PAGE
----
He said, “Absolutely.” The next day I called an Air Force recruiter and said, “By chance, do you have a need for a rabbi?” I could tell he was both stunned and excited. It is very rare nowadays for a rabbi to apply. He told me he usually processed dentists. I joined as a Chaplain Candidate, a special non-deployable training position, very much like a paid internship, until I was ordained in 2003 and could become a full chaplain.
Why did you choose the Air Force?
My father had been an Air Force lieutenant after being ordained by HUC in 1960, at a time when all rabbis had to serve as military chaplains—a lottery system was used to determine who would actually be called up. Even though he went on to protest the Vietnam War in the ’60s, he spoke lovingly of his Air Force experience.
Now, we share a special rabbinic/Air Force bond. My father is my mentor. I call him often. And whenever I deploy, he travels the country to send me off, and is there when I return.
Does serving your country require significant personal sacrifice?
Interestingly, the Hebrew word for “sacrifice,” korbon, is composed of the same root letters (uf, reish, bet) that are in the word kiruv, which means “draw close.” Serving in the military entails both meanings of the word. When I took the Oath of Office in front of witnesses and the American flag, swearing to defend America against all enemies both foreign and domestic “so help me God,” it was a kind of commitment ceremony between me and my country. It was two days before Passover, our festival of freedom, and that significance was not lost on me. Indeed, the military chaplaincy has been a “drawing close” experience, allowing me to develop a great kinship and love for my fellow Americans.
With these rewards comes an element of sacrifice. For example, the other day while speaking on Veterans Day at Temple Beth El in Boca Raton, Florida, I announced to the 200 people present that this was the largest gathering of Jews I had been with in years. Walking through the congregation carrying the Torah brought tears to my eyes. I miss having that critical-mass Jewish experience.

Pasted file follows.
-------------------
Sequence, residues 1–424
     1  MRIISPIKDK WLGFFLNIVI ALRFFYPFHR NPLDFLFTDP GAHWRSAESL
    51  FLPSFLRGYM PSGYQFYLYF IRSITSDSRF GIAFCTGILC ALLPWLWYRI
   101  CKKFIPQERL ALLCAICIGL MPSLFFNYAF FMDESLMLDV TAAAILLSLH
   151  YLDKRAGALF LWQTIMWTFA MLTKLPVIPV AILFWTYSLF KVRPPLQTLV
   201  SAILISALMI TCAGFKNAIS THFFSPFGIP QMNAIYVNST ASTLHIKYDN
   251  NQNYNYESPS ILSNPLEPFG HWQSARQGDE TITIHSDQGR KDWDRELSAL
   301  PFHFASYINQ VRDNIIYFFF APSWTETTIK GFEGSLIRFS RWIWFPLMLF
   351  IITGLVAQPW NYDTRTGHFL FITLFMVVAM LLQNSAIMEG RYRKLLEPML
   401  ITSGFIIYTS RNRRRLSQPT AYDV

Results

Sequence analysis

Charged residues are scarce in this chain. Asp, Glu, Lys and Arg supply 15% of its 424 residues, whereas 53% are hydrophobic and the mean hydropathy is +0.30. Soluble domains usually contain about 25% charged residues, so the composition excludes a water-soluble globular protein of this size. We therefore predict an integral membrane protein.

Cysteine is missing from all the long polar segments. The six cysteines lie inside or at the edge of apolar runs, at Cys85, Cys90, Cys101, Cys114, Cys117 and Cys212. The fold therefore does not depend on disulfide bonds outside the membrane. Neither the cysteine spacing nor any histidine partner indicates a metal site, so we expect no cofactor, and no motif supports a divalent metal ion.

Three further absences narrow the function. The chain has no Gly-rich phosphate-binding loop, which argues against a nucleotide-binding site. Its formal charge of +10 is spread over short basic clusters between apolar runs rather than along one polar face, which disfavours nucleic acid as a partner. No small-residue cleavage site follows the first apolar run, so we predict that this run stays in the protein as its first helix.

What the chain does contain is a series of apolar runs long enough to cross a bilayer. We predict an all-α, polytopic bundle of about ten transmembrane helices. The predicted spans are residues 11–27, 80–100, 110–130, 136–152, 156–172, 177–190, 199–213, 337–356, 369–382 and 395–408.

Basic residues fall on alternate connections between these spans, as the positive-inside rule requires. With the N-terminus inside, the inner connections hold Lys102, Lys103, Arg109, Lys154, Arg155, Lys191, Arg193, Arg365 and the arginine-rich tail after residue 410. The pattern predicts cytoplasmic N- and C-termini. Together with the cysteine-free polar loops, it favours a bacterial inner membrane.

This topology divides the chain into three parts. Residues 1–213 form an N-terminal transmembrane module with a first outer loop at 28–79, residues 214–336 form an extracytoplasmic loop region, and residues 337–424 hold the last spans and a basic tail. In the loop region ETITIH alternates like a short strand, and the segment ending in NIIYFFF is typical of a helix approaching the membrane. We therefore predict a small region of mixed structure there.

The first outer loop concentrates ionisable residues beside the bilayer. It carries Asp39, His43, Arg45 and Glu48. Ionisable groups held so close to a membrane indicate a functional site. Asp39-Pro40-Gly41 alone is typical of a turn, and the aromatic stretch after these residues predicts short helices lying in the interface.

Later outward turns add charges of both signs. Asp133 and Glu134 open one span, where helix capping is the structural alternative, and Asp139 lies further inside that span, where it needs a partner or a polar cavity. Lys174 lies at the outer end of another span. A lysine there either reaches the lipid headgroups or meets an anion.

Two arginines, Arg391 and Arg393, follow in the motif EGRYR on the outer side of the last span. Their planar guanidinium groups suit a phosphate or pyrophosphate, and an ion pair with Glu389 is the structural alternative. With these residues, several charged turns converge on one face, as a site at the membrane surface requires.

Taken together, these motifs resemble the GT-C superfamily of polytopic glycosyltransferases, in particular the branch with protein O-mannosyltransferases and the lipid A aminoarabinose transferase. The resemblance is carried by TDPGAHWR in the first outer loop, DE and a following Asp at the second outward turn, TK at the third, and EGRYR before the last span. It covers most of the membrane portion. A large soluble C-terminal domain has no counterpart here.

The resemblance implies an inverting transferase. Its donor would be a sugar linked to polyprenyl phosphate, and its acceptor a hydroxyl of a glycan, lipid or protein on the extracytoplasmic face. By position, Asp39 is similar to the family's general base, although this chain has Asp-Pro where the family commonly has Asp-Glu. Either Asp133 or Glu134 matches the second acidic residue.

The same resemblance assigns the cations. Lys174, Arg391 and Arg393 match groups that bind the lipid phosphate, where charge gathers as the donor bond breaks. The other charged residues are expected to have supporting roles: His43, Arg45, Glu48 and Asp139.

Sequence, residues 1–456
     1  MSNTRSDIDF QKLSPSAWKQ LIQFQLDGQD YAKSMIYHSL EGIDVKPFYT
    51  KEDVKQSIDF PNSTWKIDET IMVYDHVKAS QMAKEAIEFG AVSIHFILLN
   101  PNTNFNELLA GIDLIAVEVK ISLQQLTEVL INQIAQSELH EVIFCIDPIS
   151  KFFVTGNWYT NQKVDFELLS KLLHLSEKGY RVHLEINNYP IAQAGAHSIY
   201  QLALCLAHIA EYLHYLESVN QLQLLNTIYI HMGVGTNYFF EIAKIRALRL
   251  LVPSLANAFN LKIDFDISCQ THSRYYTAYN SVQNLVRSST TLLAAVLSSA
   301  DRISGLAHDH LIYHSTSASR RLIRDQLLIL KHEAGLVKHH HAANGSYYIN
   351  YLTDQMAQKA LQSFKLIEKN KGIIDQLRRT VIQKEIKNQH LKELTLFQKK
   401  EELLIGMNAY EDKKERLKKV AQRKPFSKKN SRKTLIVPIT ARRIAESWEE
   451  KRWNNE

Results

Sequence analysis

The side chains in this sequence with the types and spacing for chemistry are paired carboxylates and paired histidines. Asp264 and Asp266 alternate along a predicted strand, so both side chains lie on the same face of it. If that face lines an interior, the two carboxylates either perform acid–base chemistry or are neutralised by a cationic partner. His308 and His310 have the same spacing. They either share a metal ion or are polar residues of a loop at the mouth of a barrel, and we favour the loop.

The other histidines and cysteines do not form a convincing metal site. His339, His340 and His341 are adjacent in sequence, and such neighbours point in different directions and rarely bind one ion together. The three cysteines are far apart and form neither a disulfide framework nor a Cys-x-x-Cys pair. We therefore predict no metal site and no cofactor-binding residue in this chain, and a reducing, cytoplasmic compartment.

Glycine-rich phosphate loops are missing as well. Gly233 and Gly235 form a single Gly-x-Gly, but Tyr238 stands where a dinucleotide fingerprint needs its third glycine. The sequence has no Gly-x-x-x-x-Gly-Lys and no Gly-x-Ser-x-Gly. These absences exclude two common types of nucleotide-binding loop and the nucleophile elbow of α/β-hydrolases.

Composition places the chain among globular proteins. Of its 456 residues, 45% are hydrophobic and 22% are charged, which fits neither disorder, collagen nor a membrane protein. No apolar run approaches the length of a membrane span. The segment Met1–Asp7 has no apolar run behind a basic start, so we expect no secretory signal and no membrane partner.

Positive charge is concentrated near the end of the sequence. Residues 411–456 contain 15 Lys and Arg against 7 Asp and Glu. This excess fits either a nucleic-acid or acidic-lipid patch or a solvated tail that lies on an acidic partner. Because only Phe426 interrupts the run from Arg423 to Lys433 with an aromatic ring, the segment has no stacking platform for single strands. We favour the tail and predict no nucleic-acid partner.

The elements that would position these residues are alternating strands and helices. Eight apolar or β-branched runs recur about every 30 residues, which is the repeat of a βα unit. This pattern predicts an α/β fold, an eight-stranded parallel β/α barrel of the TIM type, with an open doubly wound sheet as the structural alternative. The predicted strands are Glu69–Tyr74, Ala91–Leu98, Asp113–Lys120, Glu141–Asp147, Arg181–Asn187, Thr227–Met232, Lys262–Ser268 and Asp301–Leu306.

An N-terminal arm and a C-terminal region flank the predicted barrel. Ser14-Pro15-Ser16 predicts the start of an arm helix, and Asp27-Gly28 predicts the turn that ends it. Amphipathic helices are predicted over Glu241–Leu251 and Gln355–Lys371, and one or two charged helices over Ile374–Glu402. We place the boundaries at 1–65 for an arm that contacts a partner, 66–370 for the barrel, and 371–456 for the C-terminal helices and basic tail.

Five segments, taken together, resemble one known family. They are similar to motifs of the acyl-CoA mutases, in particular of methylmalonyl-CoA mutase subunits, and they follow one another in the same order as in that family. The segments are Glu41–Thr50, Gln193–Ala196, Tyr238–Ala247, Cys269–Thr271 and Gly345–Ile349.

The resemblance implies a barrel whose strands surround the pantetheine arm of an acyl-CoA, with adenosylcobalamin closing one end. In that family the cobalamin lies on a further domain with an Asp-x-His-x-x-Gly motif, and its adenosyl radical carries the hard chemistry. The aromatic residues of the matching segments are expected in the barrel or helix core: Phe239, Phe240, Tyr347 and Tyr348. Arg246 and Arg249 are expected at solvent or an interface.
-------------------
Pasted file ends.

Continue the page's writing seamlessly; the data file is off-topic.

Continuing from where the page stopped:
Then there’s deployment, which combines both meanings of “sacrifice.” I’ll never forget my first departure day in 2007 to a base in the Persian Gulf. I awoke at dawn, put on my desert camouflage uniform and combat boots, slung the packed duffle bag over my shoulder, kissed my sleeping baby Yael, said goodbye to Joe, went downstairs, and hailed a taxi. Just before entering the cab, I looked up at the fourth-floor window of our apartment. There was Joe, standing by the window, holding our baby, whom I’d been nursing, in his arms. Both of us were straining in the muted light to catch a last glimpse of each other. I told myself: This is an extraordinary moment for us, but it’s also the most ordinary moment because thousands of others have done this in history, and thousands of others are saying goodbye this year as they prepare to go off to war. I am now part of this experience.
I sat down in the taxi and shut the door, hoping the driver would just take off, but he said, “I’ll leave whenever you’re ready.” I was trying to avoid saying the words that would signal leaving my family behind, but eventually I had to force out: “Okay. Let’s go.”
What did you feel as the taxi pulled away?
I felt a heavy sadness about leaving my husband and daughter standing there in the window, but I was not going to fixate on it and let it overwhelm me. I directed my focus to the unknown dangers of going off to war, the knowledge that I would be helping other people’s sons and daughters, and the excitement of being swept up in a life-changing adventure.